pituitary tumor MRI

What is a pituitary tumor

A pituitary tumor (also called pituitary adenoma) is a mass of cells that grow on the pituitary gland. Almost all pituitary tumors are benign (not cancer) glandular tumors called pituitary adenomas. These pituitary tumors are called benign because they don’t spread to other parts of the body, like cancers can. Still, even benign pituitary tumors can cause major health problems because they are close to the brain, may invade nearby tissues (like the skull or the sinuses), and because many of them make excess hormones. Some pituitary tumors release hormones, although most do not.

One of the key issues with pituitary tumors is that there’s currently no way to know if a benign pituitary adenoma will become pituitary cancer and grow and spread to other parts of the body. Pituitary cancers (called pituitary carcinomas) are very rare.

About 10,000 pituitary tumors are diagnosed each year in the United States. Almost all of these tumors are benign pituitary adenomas. Very few pituitary tumors are cancers (carcinomas).

The actual number of pituitary tumors may be much higher than the number of tumors that are found each year. When examining people who have died or who have had imaging tests (like MRI scans) of their brain for other health problems, doctors have found that as many as 1 out of 4 people may have a pituitary adenoma without knowing it. These tumors are often small and never cause any symptoms or health problems, so very few of them would normally be diagnosed at all.

Pituitary tumors can occur at any age (including in children), but they are most often found in older adults.

These benign pituitary tumor do not spread outside the skull, so there is no chance of secondary tumors developing. They usually stay in the sella turcica (the tiny space in the skull that the pituitary gland sits in). Sometimes they grow into the boney walls of the sella turcica and nearby tissues, like blood vessels, nerves, and sinuses. They don’t grow very large, but they can have a big impact on a person’s health.

There is very little room for tumors to grow in this part of the skull. So, if the tumor gets larger than about a centimeter (about half an inch) across, it may grow upward, where it can press on and damage nearby parts of the brain and the nerves that arise from it. This can lead to problems like vision changes or headaches.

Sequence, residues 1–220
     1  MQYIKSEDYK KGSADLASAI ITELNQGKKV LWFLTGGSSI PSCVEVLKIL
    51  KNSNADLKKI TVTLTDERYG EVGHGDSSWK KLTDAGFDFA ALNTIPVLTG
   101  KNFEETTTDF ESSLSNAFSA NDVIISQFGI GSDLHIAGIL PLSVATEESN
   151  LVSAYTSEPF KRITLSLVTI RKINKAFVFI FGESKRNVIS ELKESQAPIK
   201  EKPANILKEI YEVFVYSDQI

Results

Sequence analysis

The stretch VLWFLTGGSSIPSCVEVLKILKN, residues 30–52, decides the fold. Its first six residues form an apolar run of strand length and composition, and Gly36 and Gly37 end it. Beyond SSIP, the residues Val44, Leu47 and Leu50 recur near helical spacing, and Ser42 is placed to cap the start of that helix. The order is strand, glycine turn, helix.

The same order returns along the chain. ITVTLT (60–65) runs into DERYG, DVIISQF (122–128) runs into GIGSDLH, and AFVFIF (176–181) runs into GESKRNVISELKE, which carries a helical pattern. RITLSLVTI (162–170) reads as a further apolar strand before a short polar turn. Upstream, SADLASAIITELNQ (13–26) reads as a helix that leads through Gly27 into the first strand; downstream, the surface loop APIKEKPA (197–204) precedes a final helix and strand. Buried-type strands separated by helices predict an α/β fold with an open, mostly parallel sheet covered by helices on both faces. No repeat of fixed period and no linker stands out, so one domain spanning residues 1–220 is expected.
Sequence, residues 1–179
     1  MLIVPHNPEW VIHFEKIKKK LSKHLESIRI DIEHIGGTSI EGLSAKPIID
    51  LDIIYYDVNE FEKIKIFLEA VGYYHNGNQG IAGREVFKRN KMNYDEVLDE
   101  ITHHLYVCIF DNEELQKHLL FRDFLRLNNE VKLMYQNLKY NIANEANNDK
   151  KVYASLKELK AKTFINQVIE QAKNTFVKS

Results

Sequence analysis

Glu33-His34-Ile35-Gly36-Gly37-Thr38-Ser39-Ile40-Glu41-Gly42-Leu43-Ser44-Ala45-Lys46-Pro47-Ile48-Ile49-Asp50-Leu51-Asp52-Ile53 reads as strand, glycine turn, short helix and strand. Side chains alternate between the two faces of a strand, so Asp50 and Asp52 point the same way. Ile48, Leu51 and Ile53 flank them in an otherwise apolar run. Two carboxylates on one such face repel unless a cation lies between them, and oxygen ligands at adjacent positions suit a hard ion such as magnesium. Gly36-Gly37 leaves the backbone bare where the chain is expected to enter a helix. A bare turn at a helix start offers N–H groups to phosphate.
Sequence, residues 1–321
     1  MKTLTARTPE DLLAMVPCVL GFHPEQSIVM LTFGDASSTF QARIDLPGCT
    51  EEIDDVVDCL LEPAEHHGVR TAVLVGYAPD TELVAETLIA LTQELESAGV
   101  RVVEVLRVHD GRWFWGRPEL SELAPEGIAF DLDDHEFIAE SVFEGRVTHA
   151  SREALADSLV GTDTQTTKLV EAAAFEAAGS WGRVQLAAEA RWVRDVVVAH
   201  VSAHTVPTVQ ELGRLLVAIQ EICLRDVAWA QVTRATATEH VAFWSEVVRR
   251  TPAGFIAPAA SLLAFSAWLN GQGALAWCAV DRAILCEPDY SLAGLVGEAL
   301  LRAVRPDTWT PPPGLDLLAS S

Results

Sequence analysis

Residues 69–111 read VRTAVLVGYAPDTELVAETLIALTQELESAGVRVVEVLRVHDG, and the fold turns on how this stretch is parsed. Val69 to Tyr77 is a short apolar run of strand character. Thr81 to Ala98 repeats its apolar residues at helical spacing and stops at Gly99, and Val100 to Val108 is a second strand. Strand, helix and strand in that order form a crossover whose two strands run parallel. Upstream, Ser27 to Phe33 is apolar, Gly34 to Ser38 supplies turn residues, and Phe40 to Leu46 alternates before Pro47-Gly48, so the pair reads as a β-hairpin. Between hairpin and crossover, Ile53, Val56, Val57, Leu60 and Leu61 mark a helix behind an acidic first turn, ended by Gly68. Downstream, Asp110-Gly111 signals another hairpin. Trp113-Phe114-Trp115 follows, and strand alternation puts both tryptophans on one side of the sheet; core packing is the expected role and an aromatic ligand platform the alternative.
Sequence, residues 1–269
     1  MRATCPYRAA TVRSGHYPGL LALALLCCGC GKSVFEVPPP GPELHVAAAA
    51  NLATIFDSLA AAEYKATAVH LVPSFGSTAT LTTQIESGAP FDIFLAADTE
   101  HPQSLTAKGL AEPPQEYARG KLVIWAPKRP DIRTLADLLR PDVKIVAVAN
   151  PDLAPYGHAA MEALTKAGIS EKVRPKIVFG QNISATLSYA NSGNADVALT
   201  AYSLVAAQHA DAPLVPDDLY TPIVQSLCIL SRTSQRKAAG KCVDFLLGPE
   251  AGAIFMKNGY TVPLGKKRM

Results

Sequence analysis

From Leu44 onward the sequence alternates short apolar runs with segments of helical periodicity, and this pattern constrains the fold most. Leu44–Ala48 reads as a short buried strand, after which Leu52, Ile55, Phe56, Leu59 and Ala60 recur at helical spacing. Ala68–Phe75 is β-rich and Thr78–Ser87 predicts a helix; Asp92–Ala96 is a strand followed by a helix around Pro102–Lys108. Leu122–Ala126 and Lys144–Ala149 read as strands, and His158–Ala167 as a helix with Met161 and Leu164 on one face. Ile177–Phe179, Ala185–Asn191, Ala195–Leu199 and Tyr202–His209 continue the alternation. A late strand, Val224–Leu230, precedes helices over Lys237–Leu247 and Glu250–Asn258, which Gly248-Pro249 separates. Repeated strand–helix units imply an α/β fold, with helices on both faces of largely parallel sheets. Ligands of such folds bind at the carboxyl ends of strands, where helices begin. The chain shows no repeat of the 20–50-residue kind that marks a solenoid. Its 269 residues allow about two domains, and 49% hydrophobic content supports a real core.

Not all pituitary tumors cause symptoms. Pituitary tumors that make hormones (functioning) can cause a variety of signs and symptoms depending on the hormone they produce. The signs and symptoms of pituitary tumors that don’t make hormones (nonfunctioning) are related to their growth and the pressure they put on other structures.

Signs and symptoms of pressure from a pituitary tumor may include:

  • Headache
  • Vision loss, particularly loss of peripheral vision

Pituitary adenomas can be divided into 2 categories based on size:

  • Microadenomas are pituitary tumors that are smaller than 1 centimeter (cm) across. Because these tumors are small, they rarely damage the rest of the pituitary or nearby tissues. But they can cause symptoms if they make too much of a certain hormone. Many people actually have small adenomas that are never found because they don’t grow large enough or make enough hormones to cause a problem.
  • Macroadenomas are pituitary tumors 1 cm across or larger. Macroadenomas can affect a person’s health in 2 ways. First, they can cause symptoms if they make too much of a certain hormone. Second, they can cause symptoms by pressing on normal parts of the pituitary or on nearby nerves, such as the optic nerves.

Large pituitary tumors — those measuring about 1 centimeter (slightly less than a half-inch) or larger — are known as macroadenomas. Smaller tumors are called microadenomas. Because of the size of macroadenomas, they can put pressure on the normal pituitary gland and nearby structures.

Pituitary adenomas are also classified by whether they make too much of a hormone and, if they do, which type they make. If a pituitary adenoma makes too much of a hormone it’s called functional. If it doesn’t make enough hormones to cause problems it’s called non-functional.

Functional adenomas: Most of the pituitary adenomas that are found make excess hormones. The hormones can be detected by blood tests or by tests of the tumor when it is removed with surgery. Based on these results, pituitary adenomas are classified as:

  • Lactotroph adenomas make prolactin and account for about 4 out of 10 pituitary tumors.
  • Somatotroph adenomas make growth hormones and make up about 2 in 10 pituitary tumors.
  • Corticotroph adenomas make ACTH and account for about 1 in 10 pituitary tumors.
  • Gonadotroph adenomas make LH and FSH and are very rare.
  • Thyrotroph adenomas make TSH and are very rare.
  • Plurihormonal adenomas make more than one hormone.
  • Null cell adenomas do not make hormones. (These are non-functional adenomas.)

The kind of hormone an adenoma makes strongly affects what signs and symptoms it causes. It also affects which tests are used for diagnosis, the choice of treatment, and the patient’s outlook.

Non-functional adenomas: Pituitary adenomas that don’t make excess hormones are called non-functional adenomas or null cell adenomas. They account for about 3 in 10 of all pituitary tumors that are found. They are usually found as macroadenomas, causing symptoms because of their size as they press on nearby structures.

Pituitary carcinomas